Posted by adiamondinsunlight on November 1, 2008
Last night we met our friends K & J for dinner in the city. We thought about doing various Halloween’y things – making sugar skull crafts at the Day of the Dead Celebration at St. Mark’s Church, attending the concert at the New Museum – but in the end, we settled for a low-key, its-been-a-long-week get together.
Except, of course, that it was a low-key get-together in Greenwich Village, which is also the home of the city’s Halloween parade. So our dinner locale, which also had a sizable bar, became a revolving door spectacle of costumed celebrants dressed as everything from Frieda Kahlo to a mouse and cat pair.
After dinner, H suggested going for a drink, so we could enjoy a little more people-watching. The nearest bar with not-too-loud music and ample seating (not only were we not hip enough to be in costume, but we compounded our un-hipness by wanting quiet and rest) turned out to be an Egyptian hookah bar. The bouncer was thrilled by H’s Arabic, and H in turn was thrilled by the music, which ranged from hip-hop to merengue.
But the musical highlight of the evening came when the DJ played the Village People’s “YMCA”. This song is a huge, huge hit all around the Levant – not least, I imagine, because the people who love it there are blissfully aware of the gay-pride reputation of the Village People. (At least, I’ve never known anyone there to wonder about a song that suggests that a “young man” look for a place where he can “hang out with all the boys”🙂.)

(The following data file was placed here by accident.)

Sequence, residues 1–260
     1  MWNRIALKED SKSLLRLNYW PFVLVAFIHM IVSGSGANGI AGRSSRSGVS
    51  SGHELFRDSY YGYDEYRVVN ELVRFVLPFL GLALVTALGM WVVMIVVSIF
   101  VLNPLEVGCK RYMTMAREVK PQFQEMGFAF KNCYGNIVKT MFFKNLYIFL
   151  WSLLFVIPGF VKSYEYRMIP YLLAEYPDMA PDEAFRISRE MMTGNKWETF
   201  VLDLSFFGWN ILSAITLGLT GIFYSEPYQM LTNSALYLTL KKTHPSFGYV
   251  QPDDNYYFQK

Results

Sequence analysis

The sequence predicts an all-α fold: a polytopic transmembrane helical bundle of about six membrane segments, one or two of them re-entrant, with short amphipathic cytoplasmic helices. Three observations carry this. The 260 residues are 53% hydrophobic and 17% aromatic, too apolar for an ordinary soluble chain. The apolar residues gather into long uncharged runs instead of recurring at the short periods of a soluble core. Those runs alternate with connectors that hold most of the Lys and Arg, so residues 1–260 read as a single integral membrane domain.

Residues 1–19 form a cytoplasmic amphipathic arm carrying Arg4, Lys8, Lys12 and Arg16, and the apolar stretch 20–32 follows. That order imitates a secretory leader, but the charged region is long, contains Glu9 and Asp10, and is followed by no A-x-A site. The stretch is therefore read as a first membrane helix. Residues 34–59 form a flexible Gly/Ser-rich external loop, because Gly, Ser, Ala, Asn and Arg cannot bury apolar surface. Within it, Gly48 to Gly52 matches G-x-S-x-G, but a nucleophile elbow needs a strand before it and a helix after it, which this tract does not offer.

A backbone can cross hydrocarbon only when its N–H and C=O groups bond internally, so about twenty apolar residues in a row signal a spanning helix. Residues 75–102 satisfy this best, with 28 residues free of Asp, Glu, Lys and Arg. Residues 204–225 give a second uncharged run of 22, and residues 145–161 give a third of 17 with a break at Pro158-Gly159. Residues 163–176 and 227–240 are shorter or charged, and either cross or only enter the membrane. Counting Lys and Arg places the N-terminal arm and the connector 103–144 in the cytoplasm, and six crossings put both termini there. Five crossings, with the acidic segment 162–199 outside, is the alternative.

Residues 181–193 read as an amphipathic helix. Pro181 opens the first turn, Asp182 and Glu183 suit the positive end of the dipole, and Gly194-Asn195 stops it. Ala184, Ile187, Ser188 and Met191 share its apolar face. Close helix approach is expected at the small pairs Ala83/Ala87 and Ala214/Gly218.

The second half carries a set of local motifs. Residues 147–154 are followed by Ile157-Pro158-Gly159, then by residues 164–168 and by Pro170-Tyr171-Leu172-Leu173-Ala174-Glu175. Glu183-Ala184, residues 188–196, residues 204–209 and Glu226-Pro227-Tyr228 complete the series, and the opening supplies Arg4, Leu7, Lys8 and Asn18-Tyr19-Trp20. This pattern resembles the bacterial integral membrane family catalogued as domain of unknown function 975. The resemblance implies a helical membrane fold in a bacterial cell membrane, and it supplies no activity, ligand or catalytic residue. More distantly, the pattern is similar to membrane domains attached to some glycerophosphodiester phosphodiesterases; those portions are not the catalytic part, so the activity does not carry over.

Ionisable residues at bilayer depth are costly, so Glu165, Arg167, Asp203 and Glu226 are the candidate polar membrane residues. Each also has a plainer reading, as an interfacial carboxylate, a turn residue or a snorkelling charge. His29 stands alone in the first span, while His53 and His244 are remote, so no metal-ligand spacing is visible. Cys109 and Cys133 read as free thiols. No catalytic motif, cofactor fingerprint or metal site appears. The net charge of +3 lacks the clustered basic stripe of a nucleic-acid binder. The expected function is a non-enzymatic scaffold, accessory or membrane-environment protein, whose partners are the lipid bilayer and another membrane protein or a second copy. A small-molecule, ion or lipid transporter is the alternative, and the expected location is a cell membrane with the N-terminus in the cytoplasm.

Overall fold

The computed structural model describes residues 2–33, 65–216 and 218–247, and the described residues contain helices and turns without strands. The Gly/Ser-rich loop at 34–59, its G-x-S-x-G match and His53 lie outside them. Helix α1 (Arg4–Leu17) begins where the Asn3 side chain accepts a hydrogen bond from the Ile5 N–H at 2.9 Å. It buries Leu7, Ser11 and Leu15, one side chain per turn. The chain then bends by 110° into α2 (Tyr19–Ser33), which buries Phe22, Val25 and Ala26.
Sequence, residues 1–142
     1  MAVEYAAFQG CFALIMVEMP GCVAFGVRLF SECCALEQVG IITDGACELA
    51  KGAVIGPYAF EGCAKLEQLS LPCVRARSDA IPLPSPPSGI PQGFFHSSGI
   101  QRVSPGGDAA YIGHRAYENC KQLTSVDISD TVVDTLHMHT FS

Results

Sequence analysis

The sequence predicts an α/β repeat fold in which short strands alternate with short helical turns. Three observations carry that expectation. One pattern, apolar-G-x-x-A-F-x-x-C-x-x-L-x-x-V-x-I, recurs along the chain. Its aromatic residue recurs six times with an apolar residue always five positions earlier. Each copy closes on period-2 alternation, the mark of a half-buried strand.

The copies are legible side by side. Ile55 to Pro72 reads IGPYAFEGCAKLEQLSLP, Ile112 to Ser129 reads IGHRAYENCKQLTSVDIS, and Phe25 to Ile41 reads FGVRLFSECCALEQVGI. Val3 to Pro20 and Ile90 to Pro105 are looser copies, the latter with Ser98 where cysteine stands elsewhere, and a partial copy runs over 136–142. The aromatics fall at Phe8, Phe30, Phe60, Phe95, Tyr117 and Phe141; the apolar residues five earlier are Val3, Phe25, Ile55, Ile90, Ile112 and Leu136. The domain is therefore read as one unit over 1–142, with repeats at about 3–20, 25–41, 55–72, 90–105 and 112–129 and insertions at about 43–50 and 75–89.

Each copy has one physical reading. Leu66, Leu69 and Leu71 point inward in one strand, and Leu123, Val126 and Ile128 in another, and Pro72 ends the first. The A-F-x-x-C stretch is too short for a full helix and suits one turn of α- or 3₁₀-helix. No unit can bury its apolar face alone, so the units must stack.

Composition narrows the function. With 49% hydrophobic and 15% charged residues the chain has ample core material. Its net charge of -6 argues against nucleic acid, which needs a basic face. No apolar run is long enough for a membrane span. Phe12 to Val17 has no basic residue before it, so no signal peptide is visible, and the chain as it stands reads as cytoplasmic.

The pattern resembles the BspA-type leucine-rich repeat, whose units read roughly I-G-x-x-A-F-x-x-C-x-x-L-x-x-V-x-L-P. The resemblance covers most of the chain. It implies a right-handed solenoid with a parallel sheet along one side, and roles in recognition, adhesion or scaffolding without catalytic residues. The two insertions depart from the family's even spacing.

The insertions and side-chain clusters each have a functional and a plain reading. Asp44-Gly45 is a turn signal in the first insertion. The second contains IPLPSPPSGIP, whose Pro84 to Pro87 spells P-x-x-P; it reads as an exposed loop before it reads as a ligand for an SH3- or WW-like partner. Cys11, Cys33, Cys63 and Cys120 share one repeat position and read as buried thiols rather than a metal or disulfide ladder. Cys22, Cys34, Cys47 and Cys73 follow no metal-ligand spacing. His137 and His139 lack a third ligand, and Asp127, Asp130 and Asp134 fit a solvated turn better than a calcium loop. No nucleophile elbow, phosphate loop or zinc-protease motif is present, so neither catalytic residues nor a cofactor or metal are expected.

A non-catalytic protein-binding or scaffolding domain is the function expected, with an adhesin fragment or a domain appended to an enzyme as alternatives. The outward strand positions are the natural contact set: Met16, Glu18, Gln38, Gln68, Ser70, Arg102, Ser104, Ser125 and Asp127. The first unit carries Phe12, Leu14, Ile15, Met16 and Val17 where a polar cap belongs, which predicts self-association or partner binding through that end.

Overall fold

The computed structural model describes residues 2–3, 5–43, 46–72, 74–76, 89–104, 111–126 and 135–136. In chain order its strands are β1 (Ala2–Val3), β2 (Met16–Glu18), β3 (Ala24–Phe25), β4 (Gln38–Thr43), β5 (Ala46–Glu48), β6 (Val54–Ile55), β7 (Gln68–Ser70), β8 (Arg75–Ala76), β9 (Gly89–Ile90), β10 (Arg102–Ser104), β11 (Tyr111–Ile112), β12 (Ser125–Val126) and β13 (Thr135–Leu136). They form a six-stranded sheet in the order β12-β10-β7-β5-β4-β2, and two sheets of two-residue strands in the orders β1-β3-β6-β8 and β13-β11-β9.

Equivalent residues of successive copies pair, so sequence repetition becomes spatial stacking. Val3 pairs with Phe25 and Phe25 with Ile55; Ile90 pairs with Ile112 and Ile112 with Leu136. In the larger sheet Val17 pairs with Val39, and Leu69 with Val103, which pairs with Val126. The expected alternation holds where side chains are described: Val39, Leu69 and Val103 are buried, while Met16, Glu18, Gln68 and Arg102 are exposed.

Anyway. The song is a perennial dance club favorite, along with “Its Raining Men” and the dance remix of “I Will Survive”. But many people in Lebanon and Syria dance to “YMCA” no differently than they do to any other song.
In other words, they miss out on this:
(Image courtesy of the Fairview Lakes YMCA)
American-raised or-educated Lebanese are more likely to do the arm gestures, so its less strange to do them in Beirut. But I have memories of a moment of acute embarrassment from a night out in Damascus several years ago, when my British-raised friend S and I were the only ones YMCA’ing.
No one else in the club thought our gestures were hip – or even cute in a goofy-foreigner way. What are you doing? one friend hissed at me. Are you okay? asked another.
Okay, yes. But deeply mortified. So it was nice to see “YMCA” being celebrated with traditional no-holds-barred gesturing last night🙂 .